To date the $2 million raised has provided One Church Street with a new windows, a security system and an accessible entrance. It’s also funding the current work on first-floor renovations to house the food pantry, church offices and a new “food as medicine” program to teach healthy eating. Garramone said she was frustrated to learn that the price tag for completion of this phase of construction had jumped by about $300,000, but she remains certain they’ll raise that, too, and those spaces will be completed by Easter 2024.

On a mission to fund remodeling of more space

The final $1 million will remodel One Church Street’s former second-floor ballroom into a large dining room and commercial kitchen for the Sunday noon meal, so it can expand beyond the 400-plus meals it currently serves monthly. It also will provide for the installation of an elevator and the creation of a second-floor multipurpose space that will be available for use by the community. “People could have bridal showers there, or birthday parties,” Garramone said.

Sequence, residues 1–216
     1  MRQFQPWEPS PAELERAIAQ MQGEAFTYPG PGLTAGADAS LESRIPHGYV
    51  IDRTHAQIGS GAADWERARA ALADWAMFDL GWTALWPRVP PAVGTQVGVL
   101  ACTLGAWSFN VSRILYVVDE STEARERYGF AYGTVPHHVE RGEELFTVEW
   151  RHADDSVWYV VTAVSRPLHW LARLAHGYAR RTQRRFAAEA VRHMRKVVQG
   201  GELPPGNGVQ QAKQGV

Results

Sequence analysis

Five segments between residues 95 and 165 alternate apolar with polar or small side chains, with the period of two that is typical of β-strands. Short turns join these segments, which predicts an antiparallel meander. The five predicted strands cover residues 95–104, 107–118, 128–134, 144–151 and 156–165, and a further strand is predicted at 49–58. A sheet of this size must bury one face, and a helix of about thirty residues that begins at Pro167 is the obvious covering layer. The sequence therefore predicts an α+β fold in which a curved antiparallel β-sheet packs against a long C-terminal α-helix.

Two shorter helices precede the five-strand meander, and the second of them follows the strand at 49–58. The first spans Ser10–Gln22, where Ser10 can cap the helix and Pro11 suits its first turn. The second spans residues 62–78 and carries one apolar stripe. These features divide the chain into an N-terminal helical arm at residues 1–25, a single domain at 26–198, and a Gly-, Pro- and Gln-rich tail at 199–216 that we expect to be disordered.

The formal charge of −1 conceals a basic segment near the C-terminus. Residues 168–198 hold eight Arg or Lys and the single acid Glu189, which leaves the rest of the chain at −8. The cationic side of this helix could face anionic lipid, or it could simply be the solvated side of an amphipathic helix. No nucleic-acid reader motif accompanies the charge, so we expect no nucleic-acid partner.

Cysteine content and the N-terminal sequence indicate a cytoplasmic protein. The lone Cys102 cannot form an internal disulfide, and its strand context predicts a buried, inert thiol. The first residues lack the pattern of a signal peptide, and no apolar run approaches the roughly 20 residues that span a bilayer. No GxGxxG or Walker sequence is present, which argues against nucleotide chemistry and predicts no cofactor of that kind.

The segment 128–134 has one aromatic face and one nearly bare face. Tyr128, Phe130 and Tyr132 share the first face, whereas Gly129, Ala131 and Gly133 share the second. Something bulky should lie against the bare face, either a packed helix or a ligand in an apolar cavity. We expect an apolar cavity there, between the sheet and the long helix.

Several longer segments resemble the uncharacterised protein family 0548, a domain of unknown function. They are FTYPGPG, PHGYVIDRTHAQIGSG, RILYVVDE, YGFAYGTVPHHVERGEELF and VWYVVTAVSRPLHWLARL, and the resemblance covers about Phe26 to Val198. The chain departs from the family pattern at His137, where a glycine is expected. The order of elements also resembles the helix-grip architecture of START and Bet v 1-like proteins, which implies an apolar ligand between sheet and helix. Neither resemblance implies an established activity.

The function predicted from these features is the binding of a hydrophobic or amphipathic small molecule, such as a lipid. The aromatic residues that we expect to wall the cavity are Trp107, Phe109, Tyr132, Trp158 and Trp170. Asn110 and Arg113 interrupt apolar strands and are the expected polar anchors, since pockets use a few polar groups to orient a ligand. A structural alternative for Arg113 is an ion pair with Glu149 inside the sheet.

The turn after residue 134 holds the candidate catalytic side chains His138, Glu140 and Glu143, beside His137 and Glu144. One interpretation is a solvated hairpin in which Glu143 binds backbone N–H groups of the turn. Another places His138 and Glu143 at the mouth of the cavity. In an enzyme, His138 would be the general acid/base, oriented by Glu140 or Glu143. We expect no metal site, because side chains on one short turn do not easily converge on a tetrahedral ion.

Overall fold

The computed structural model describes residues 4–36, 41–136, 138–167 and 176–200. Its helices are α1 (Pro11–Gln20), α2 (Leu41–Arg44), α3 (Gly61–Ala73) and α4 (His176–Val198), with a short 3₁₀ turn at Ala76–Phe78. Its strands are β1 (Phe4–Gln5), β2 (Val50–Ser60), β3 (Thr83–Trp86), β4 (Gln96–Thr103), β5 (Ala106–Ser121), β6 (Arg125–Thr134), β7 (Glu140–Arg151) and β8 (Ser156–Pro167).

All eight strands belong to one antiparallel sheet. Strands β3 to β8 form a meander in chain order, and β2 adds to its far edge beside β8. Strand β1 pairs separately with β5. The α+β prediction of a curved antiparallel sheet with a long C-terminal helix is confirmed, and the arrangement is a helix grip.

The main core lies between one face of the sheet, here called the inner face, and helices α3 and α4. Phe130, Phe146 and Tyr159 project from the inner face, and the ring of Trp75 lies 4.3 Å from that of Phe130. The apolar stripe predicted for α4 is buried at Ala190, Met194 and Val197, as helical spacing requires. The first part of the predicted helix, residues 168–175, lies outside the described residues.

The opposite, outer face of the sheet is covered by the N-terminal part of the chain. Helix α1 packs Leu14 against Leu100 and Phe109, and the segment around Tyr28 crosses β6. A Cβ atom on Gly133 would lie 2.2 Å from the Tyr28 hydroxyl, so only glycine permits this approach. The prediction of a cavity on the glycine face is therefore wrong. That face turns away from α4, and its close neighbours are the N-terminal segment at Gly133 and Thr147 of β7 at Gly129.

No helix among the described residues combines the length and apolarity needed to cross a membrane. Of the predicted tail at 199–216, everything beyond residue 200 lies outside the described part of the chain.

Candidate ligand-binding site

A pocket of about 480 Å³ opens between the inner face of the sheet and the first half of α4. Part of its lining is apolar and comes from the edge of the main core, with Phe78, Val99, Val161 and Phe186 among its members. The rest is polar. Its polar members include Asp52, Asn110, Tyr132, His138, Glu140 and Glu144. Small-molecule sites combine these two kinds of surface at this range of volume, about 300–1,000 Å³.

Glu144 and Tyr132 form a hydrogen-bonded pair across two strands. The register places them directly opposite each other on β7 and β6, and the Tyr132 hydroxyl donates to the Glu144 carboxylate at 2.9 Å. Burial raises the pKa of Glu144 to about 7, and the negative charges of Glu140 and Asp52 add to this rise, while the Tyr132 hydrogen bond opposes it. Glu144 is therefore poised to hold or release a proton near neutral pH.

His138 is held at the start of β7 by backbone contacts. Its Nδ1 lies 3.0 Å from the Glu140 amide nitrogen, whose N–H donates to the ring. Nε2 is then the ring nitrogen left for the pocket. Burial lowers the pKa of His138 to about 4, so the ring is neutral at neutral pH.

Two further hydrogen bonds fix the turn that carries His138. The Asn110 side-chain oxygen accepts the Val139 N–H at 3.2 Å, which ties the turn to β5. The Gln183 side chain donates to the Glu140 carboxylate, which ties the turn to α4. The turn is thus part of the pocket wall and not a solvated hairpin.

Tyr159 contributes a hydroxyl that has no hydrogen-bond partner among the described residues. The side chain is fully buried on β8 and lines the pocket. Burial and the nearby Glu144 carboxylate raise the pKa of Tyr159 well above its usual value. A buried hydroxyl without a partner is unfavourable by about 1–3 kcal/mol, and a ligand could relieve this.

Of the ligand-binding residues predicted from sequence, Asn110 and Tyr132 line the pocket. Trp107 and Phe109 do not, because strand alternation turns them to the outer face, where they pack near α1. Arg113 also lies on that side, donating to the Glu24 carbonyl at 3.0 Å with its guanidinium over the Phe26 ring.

To make that final amount feel more manageable, Garramone suggested to the building steering committee of five church members – none of whom are professional fundraisers – that they break $1 million into smaller pieces. The church now is seeking 1,000 people or businesses to each give $1,000, an effort to finish the space that she dubbed a “space mission.”